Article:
Affidavit Judgment - Possible Garnishment

Asked over 1 year ago - District Heights, MD

I was out of work for 14 months without pay due to depression. I am now back at work and two creditors have received an affidavit judgment for two personal loans. One for $3000 and the other for $6000. Is there anything that I can do to work out payment arrangements with my creditors or is it pointless at this point now that they have judgment. Is it too late to work out a settlement or can they can proceed with garnishment. I make $80,000 a year and know that they will fight me based on future income instead of what I did not earn for 14 months. I really don't want to file bankruptcy 7, but may have no choice if they are contemplating garnishing my wages. How soon after they receive judgment can they garnish my wages. Thanks.

Attorney answers (4)

  1. Jeffrey P Nesson

    Pro

    Contributor Level 14

    1

    Lawyer agrees

    Answered . Maryland courts don't get involved with payment plans. Fact of judgment doesn't mean you can't TRY to make payment plan to avoid garnishment but this is a voluntary action. After 30 days, the creditor can file the wage lien. Can't comment on bankruptcy options without more info.

    This is not to be considered legal advise and no attorney client has been established.
  2. Robinson Sean Rowe

    Contributor Level 8

    Answered . You should have filed for bankruptcy while you were unemployed.

    That being said, you may still qualify for bankruptcy chapter 7 if you have dependents etc.

    $9k is a significant portion of your income. I would recommend discussing (with an attorney), debt negotiations or bankruptcy Chp. 13. These options will both allow you to maintain your necessary day-to-day living income, while dealing with your outstanding debts.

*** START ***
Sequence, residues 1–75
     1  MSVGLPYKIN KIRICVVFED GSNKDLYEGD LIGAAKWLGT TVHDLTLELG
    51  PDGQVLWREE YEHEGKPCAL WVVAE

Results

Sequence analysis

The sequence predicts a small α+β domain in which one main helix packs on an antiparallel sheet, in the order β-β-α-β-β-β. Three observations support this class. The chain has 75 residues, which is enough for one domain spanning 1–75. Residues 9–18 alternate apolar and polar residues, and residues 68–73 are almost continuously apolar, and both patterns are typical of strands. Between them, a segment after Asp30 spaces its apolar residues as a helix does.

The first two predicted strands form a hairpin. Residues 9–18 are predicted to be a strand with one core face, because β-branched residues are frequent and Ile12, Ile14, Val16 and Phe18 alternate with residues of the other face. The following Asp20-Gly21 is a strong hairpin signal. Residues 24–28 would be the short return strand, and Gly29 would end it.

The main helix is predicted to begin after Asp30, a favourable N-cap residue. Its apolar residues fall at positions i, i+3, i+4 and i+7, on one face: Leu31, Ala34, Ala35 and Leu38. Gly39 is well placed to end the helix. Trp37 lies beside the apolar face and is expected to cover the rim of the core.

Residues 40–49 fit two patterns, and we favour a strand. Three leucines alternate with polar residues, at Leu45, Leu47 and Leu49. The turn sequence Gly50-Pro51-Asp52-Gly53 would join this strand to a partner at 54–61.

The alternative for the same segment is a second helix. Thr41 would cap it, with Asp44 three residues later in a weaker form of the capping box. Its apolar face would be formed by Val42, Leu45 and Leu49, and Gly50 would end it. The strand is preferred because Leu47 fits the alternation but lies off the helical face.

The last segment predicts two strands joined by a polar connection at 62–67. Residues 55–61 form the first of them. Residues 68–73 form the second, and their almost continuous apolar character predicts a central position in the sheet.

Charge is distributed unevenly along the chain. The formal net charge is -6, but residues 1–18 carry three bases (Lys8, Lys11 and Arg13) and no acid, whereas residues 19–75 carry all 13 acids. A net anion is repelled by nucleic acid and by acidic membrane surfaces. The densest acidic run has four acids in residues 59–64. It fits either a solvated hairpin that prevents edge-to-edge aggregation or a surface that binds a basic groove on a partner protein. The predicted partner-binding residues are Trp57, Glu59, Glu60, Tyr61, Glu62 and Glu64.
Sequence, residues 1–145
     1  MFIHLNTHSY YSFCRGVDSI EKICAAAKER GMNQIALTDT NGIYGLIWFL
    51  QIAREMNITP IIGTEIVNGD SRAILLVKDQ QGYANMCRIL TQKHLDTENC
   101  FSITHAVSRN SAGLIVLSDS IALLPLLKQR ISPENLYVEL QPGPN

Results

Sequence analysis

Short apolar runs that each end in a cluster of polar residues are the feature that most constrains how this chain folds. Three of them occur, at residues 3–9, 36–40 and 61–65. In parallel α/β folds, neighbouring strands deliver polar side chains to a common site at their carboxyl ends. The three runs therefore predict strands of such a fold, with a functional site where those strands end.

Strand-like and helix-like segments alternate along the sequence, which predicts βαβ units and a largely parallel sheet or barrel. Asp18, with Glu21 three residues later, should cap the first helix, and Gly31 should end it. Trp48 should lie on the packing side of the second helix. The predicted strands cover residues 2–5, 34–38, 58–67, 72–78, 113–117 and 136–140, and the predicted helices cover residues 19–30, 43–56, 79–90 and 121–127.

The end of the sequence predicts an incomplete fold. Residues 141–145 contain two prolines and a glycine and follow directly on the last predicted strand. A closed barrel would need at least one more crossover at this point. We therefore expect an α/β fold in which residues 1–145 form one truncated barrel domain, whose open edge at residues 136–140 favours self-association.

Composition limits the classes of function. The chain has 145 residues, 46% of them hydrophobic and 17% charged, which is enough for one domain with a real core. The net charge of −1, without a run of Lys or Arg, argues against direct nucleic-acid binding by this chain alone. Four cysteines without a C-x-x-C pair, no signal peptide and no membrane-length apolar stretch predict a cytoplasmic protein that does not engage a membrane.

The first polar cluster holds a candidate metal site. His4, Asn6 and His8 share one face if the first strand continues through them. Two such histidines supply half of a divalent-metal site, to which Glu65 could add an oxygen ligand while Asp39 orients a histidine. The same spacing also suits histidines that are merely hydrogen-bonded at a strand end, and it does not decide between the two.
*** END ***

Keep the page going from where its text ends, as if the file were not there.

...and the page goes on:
3. Alan D. Walton

    Pro

    Contributor Level 19

    Answered . Most courts will entertain a voluntary payment plan in lieu of wage garnishment. If not, you can use a chapter 13 bankruptcy to force the lenders to accept you payment plan. At your income level, chapter 7 might be out of reach, but you would need to consult a local bankruptcy attorney to know what your options are.

  4. Susan Schmeidler Blum

    Pro

    Contributor Level 11

    Answered . You can always try to work out payment arrangements with a creditor at any point, before or after a lawsuit is filed and even after a judgment has been rendered. However, you are in much less of a bargaining position to workout a payment arrangement or settlement with a creditor once there is a judgment, since garnishment is easily attainable for the creditor at this point - since you're earning income, they would be paid once the garnishment starts. And unless you file bankruptcy, the creditor would be paid in full.
    Without additional information (how many in your household; is there other household income besides your 80,000/year; what deductions you would have; etc.), it is hard to determine whether a Chapter 7 bankruptcy would be available for you. Chapter 7 would allow you to wipe away the judgments in full, and your attorney would also file Motions to Avoid the Judgment Liens. If your income or other circumstances don't permit a 7 and you are in a 13, you could at least reorganize the payment of the debt depending on what your disposable income will allow.
    You should consult with a local bankruptcy attorney to discuss your options.

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